Obviously, in the case of the publication of any report such as this, it is important that privilege applies to the report and to utterances made in regard to the report. Legal advice has been given on this matter many times and this is the correct procedure.

The same privilege would have applied yesterday.

Why was the report not published yesterday?

This is a red herring.

This is Deputy Kenny's question and he is entitled to hear the Taoiseach's response without interruption. Deputy Rabbitte will have an opportunity to speak shortly.

This is the legal advice of the Attorney General, used many times in the publication of such reports over the years. As I said yesterday, people should examine the report, copies of which will be given to all Oireachtas Members, and the Tánaiste will meet the Joint Committee on Health and Children to discuss it. It is a lengthy and detailed report deserving of careful consideration. It covers matters that have been ongoing for 28 years, since a circular was prepared in the Department in July 1976. It is not appropriate for me to make further comment at this stage. I and others will have plenty of time and opportunity to comment on the report.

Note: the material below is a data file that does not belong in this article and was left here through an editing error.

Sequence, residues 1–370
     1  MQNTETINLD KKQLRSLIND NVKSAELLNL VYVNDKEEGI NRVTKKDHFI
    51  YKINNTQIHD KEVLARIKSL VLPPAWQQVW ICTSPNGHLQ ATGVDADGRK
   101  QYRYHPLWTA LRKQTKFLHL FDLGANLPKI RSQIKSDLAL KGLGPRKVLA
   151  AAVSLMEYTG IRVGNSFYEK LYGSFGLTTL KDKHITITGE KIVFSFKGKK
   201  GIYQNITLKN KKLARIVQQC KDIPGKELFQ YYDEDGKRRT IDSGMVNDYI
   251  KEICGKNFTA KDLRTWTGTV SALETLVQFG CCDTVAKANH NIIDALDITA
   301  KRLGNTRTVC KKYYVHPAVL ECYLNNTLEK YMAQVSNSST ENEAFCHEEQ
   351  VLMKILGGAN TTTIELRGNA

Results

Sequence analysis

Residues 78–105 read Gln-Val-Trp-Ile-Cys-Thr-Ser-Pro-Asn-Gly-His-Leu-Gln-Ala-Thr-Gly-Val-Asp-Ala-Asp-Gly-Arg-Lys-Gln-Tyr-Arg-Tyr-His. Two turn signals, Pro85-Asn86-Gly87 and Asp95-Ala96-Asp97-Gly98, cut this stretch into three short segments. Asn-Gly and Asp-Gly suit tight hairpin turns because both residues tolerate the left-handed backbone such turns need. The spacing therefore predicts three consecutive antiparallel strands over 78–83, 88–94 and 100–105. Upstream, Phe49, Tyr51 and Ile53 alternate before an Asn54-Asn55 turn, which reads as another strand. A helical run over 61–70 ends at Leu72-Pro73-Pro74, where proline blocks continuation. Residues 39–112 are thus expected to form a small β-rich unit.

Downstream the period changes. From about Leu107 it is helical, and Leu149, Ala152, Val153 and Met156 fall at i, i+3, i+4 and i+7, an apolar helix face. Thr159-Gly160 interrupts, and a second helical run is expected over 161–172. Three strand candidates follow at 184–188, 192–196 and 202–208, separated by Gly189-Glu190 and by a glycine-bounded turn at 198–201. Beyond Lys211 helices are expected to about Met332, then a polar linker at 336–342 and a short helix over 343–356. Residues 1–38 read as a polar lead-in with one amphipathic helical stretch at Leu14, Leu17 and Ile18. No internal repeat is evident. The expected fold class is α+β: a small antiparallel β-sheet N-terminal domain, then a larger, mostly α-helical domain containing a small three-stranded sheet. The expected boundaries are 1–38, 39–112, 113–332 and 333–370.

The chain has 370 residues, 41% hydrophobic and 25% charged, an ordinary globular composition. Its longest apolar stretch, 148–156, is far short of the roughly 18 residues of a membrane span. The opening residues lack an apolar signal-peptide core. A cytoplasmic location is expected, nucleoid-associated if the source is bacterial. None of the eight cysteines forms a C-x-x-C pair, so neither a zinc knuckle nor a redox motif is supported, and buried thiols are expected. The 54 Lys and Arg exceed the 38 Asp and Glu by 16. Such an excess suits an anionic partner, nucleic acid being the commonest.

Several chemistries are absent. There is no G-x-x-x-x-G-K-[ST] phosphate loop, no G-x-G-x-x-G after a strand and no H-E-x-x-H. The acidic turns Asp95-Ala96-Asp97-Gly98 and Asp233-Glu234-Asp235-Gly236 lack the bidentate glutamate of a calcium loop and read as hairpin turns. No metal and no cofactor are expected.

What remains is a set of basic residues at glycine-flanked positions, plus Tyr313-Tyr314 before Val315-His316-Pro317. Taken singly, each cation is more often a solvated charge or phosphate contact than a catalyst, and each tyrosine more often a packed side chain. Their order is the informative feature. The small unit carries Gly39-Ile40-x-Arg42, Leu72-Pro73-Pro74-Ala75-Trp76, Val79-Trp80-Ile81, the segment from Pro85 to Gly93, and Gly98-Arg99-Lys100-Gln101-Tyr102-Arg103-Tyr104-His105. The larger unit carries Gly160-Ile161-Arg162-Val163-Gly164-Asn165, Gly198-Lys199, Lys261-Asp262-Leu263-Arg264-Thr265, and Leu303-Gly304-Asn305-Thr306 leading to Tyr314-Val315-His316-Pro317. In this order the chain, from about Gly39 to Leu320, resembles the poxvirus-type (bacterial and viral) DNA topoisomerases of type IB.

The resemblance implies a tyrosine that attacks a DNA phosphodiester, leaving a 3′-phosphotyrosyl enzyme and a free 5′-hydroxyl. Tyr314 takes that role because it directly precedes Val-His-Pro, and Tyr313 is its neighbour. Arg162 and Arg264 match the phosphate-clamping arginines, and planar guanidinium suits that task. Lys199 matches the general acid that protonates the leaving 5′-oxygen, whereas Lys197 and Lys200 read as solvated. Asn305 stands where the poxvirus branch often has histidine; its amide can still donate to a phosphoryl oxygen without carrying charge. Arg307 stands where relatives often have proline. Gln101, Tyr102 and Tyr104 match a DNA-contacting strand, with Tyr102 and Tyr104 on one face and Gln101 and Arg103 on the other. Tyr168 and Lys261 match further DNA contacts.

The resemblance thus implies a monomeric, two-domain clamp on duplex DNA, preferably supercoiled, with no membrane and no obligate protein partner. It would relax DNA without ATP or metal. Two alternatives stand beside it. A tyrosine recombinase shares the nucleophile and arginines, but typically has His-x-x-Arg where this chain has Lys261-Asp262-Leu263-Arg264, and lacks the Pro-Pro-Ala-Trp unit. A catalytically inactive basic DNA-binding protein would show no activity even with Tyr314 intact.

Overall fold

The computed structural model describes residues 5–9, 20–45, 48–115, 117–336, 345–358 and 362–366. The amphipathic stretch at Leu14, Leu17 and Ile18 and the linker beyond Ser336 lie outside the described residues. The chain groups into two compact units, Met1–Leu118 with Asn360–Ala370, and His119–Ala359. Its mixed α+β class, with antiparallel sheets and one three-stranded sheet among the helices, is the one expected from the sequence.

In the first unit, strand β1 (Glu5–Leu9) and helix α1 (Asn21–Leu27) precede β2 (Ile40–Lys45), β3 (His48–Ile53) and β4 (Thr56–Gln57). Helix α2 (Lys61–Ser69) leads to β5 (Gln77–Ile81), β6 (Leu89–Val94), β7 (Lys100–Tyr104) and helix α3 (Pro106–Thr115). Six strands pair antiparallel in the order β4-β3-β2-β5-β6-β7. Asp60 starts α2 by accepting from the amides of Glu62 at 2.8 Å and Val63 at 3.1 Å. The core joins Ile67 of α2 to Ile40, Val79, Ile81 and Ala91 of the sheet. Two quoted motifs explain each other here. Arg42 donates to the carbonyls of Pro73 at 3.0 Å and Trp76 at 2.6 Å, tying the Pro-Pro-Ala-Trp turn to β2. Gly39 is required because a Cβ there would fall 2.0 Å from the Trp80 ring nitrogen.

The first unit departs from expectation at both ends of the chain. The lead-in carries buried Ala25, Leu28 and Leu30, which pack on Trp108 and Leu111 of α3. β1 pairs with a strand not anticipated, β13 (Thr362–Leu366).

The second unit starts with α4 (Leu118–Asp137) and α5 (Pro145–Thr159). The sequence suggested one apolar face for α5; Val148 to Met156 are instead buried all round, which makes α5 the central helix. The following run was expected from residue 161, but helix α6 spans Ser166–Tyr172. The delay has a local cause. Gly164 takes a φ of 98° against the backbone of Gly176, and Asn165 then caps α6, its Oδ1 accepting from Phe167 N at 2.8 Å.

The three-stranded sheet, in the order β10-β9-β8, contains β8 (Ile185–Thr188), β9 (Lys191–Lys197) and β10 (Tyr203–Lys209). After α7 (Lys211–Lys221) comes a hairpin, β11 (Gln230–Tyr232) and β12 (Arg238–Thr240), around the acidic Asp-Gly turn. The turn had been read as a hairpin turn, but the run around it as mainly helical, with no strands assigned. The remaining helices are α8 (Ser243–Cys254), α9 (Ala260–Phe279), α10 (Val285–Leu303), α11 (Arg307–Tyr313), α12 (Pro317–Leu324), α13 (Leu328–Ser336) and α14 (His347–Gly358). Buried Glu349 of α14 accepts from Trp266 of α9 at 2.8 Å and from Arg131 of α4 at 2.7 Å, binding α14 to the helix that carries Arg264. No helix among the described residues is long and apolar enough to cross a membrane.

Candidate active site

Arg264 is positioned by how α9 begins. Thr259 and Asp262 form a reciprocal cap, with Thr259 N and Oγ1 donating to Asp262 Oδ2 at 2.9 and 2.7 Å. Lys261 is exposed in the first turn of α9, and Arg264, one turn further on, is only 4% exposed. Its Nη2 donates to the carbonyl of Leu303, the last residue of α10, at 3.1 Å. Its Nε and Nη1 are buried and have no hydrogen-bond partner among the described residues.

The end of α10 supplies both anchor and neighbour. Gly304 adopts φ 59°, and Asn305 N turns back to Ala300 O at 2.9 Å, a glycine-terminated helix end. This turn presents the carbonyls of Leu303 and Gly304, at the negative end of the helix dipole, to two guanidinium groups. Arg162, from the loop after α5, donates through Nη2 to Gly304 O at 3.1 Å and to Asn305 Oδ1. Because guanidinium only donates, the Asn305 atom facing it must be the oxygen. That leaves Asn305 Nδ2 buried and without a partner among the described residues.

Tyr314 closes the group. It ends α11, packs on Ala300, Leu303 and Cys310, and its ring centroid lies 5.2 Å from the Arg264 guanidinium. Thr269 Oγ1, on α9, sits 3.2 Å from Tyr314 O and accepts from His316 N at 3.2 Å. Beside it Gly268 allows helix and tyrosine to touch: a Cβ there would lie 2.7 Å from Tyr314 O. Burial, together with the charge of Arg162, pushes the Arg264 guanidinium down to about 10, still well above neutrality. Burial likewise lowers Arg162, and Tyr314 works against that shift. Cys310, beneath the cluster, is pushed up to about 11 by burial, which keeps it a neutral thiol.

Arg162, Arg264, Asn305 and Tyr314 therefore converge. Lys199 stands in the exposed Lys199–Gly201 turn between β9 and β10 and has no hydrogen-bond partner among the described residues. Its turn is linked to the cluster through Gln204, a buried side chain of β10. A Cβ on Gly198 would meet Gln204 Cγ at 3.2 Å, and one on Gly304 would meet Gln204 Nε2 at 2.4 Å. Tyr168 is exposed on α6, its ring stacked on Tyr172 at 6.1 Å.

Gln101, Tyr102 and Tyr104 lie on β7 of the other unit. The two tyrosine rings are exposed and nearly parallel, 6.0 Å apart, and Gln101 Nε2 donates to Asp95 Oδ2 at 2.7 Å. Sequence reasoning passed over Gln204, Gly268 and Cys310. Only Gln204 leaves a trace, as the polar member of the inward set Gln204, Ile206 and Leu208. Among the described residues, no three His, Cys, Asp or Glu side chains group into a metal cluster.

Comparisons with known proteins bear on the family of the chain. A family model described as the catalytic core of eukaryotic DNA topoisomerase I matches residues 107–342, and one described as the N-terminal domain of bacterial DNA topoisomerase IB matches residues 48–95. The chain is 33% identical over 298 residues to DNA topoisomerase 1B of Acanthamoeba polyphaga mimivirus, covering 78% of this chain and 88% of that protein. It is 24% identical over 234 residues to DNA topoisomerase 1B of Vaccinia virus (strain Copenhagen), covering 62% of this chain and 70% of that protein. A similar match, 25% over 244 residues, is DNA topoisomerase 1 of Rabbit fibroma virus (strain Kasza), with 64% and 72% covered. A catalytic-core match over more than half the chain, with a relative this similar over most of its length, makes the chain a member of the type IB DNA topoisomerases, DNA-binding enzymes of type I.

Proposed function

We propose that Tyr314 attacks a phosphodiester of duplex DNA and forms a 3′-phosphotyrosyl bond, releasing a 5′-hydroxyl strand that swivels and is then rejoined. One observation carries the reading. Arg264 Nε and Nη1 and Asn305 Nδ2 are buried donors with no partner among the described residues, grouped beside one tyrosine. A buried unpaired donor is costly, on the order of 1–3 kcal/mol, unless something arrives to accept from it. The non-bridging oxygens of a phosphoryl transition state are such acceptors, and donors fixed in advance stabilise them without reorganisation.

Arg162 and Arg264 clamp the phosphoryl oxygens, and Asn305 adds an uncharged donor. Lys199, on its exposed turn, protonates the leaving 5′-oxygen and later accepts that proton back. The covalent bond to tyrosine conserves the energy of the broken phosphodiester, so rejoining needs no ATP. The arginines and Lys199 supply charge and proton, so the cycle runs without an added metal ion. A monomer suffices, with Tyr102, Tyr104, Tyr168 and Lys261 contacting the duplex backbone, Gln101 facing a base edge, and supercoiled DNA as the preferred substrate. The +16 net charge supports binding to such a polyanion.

The Taoiseach will have no opportunity to do so for five weeks.

Will the three Ministers involved comment?

There has been enough comment, it is time for action.

The Taoiseach's response is absolutely shameful.

It is a disgrace.

There is a debt of €2 billion to be repaid to those from whom charges were taken illegally over a long number of years. It is well known since 2001, when the Government introduced legislation in this area, that this was the case and the Supreme Court has made that absolutely clear. This amounts to the greatest political handwashing job since Pontius Pilate and it shows quite clearly that the true nature of the Taoiseach and his party is to protect party interests instead of public interests.